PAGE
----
Looking Through Windows
Looking Through Windows is an oral history and multimedia project that explores the removal, dispossession and ‘protection’ of Aboriginal people in NSW.
The exhibition comprises of the Elders' stories who participated in Elders Gatherings and multimedia workshops; the resulting audio adn film recordings have been included in in short documentaries and artworks. Elders generously shared their stories about growing up and living on the Mission, reserves and fringe camps. The Gatherings provided a safe and creative space for remembering and sharing – ‘yarning’. This is a methodology developed and used by Dr Lorina Barker.
Looking Through Windows first ran over two years, 2017 and 2018, and engaged the whole community from the New England region including the Dunghutti, Anaiwan, Gomeroi, Gumbaynggirr and Banbai and Northwest NSW, the Ngemba, Muruwari, Gamilaraay, Kurnu-Baakandji, Burrabindja as well as the descendants of the Wangkumara, Kooma and Kunja people from southwest QLD, and the Adnyamathanha from the Flinders Ranges in South Australia now residing in Bourke and Brewarrina. Looking Through Windows was also a significant outcome of the major Australian Research Council Indigenous Discovery project, led by Professor John Maynard and the University of Newcastle, ‘The NSW Aboriginal Protection / Welfare Board 1883-1969: A History’.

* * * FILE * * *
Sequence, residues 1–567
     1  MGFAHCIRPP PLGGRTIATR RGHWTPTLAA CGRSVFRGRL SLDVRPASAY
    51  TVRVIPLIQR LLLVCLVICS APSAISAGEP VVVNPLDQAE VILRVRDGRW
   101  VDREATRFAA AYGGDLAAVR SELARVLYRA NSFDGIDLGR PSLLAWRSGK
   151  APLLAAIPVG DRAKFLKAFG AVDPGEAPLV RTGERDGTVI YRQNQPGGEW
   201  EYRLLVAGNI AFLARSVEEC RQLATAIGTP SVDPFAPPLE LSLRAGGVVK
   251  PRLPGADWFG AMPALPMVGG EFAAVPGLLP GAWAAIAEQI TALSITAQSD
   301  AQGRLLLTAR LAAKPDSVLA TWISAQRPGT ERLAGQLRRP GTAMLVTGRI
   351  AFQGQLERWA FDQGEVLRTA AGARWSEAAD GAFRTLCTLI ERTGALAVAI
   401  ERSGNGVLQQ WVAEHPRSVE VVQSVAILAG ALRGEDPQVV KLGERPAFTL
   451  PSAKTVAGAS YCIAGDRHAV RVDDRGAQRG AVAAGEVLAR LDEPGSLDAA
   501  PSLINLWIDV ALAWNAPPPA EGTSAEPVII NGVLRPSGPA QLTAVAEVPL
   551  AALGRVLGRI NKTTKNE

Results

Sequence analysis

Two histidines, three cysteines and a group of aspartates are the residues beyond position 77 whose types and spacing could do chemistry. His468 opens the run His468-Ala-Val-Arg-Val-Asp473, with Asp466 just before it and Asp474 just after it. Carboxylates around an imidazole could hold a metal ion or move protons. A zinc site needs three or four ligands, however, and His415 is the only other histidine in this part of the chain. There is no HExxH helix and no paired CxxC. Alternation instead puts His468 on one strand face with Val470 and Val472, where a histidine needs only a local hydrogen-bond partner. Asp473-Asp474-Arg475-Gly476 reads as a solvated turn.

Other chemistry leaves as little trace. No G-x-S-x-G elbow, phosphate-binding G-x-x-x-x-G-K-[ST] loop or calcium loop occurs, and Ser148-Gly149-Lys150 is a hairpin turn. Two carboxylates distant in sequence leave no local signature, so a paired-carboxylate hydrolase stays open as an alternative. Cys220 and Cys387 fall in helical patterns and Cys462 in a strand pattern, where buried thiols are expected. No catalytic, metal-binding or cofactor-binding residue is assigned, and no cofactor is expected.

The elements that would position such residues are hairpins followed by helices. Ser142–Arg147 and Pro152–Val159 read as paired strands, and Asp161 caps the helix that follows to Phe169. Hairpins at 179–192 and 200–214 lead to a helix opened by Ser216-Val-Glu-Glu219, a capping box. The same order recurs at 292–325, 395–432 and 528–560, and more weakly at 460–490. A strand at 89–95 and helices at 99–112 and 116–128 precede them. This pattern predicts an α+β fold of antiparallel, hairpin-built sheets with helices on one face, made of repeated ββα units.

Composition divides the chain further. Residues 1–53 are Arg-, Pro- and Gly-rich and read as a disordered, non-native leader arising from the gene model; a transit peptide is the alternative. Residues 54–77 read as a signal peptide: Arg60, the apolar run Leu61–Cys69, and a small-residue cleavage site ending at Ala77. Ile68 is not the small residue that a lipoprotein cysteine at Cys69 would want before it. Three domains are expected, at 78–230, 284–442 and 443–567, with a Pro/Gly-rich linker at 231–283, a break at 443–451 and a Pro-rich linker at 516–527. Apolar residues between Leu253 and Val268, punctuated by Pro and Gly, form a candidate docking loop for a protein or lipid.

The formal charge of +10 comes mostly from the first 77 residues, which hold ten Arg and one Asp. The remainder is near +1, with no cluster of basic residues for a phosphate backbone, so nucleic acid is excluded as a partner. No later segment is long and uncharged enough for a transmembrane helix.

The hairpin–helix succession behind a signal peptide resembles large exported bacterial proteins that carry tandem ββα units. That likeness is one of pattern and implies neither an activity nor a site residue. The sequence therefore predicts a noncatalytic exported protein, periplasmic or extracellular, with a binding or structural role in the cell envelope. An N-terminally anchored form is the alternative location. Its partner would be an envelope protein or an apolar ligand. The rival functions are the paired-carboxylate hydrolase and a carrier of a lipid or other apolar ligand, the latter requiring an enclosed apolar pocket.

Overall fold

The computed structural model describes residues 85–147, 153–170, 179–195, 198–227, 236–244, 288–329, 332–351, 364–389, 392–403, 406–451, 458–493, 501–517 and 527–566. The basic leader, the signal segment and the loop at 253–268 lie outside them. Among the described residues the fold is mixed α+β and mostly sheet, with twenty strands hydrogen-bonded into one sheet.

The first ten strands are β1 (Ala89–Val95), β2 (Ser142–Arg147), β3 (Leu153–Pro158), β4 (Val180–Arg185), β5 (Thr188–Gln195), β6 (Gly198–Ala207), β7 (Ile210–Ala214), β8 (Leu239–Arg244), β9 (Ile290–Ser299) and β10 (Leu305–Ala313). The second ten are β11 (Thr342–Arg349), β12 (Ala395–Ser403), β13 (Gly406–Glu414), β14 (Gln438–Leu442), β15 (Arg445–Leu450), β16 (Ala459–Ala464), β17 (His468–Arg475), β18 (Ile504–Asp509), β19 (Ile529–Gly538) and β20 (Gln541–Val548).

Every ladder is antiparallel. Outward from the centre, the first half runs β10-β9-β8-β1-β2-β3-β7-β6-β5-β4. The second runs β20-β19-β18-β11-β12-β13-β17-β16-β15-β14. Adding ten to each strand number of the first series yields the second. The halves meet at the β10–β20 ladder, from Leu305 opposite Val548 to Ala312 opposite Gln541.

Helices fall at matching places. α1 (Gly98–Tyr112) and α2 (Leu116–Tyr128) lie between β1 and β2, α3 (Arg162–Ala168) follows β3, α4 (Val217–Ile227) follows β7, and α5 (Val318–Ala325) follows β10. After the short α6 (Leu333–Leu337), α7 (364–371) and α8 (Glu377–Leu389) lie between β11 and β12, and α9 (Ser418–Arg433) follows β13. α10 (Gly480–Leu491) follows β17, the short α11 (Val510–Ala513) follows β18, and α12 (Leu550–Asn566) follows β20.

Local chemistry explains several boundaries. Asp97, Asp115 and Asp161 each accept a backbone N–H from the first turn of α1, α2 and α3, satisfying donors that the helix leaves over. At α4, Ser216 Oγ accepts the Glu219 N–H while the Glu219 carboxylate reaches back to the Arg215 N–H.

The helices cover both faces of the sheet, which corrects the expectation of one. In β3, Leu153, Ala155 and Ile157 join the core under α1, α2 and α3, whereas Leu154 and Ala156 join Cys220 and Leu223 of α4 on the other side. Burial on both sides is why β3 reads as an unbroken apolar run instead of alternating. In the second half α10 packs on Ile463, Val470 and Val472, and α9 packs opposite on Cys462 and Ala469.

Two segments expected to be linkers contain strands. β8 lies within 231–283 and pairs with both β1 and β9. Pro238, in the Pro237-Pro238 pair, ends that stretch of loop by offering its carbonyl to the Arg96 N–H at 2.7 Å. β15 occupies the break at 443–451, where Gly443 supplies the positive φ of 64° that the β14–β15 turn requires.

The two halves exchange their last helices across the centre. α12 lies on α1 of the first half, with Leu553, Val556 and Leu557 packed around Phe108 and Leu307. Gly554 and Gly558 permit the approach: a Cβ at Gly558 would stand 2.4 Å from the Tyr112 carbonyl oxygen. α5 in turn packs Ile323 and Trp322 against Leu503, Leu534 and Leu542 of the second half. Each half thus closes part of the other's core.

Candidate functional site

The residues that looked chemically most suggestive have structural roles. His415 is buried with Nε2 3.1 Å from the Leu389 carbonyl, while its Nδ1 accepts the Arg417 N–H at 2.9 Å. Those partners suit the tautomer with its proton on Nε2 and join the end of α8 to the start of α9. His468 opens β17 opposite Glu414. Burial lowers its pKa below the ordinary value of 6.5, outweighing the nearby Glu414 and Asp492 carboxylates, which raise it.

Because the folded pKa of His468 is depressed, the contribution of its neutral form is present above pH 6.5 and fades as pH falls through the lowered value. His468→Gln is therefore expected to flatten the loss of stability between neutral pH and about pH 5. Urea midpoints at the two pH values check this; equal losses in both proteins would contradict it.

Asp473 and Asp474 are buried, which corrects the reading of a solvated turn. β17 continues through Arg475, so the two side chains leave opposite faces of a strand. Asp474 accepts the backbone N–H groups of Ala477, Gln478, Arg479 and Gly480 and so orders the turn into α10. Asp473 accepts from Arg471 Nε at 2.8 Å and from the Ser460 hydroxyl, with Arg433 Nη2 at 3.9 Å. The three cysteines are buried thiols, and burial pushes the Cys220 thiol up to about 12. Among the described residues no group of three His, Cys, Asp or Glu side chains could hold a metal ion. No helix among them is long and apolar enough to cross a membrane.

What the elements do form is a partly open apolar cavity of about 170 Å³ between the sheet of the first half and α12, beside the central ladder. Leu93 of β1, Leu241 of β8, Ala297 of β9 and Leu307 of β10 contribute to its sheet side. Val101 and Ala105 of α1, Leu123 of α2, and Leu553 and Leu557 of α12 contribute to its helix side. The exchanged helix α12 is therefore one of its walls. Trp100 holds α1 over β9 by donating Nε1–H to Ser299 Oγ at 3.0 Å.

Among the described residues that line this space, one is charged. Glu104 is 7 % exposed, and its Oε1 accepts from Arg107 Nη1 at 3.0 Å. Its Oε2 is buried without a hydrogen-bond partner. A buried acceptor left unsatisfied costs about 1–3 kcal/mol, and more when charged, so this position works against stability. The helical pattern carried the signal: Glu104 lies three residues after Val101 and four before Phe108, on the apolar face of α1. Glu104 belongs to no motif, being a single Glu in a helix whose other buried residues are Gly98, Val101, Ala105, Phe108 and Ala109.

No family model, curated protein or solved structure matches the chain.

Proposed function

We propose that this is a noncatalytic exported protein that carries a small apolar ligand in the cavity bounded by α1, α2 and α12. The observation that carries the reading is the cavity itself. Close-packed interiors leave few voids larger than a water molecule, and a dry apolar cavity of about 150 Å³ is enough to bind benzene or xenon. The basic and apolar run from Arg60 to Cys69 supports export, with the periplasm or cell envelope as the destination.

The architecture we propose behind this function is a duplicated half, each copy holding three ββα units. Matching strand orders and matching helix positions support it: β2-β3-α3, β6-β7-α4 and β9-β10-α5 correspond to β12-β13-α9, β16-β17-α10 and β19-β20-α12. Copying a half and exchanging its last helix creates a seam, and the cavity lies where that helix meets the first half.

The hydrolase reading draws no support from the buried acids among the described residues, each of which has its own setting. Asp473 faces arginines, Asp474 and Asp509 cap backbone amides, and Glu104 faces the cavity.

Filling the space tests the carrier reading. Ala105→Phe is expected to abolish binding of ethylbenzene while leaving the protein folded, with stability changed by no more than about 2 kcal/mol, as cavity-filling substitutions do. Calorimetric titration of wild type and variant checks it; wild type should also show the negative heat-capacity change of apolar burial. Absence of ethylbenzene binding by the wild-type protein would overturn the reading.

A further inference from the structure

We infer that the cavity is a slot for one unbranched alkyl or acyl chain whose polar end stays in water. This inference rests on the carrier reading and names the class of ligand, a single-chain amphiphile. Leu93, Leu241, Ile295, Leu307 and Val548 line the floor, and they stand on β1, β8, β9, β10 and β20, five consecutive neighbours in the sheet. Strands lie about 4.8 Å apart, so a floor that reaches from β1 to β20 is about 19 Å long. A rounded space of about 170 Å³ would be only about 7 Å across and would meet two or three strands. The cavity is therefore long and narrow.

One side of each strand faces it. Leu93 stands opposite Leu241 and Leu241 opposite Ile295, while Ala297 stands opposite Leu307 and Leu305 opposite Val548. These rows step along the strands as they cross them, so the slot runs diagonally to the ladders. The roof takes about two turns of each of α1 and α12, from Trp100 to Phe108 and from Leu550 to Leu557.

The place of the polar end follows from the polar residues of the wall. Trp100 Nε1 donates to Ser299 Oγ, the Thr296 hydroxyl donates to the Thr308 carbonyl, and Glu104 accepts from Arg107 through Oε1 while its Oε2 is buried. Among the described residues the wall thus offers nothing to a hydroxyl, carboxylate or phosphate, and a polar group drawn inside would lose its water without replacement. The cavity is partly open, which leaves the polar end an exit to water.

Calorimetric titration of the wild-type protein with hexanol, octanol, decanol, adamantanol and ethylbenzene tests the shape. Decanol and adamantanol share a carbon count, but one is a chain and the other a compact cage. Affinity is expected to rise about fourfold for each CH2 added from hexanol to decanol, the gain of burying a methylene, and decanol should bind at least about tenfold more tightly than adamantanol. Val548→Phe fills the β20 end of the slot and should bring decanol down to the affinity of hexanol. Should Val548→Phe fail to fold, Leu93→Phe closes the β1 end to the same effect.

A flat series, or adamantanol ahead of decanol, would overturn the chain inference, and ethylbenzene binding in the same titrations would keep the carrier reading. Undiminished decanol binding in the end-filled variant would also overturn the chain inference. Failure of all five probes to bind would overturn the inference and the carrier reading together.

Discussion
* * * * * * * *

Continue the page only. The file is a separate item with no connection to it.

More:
Looking Through Windows was supported through the Australian Government Department of Communication and the Arts, Indigenous Languages and Arts program and Create NSW Arts, Screen and Culture. It was managed in partnership with 2 Rivers Pty Ltd. Looking Through Windows received additional financial and other support from across the community – including from the University of New England, University of Newcastle, the JNC Group and the NED Foundation. The project received financial and in- kind support from New England Regional Art Museum, Oorala Aboriginal Centre, Aboriginal Cultural Centre and Keeping Place Armidale, Armajun Aboriginal Health Service, 2CuzFM Radio Station Bourke, ANTaR Armidale, Rotary Armidale, and Literacy for Life Foundation.
Special thanks to Social Ventures Media.
The University of Newcastle acknowledges the traditional custodians of the lands within our footprint areas: Awabakal, Darkinjung, Biripai, Worimi, Wonnarua, and Eora Nations. We also pay respect to the wisdom of our Elders past and present.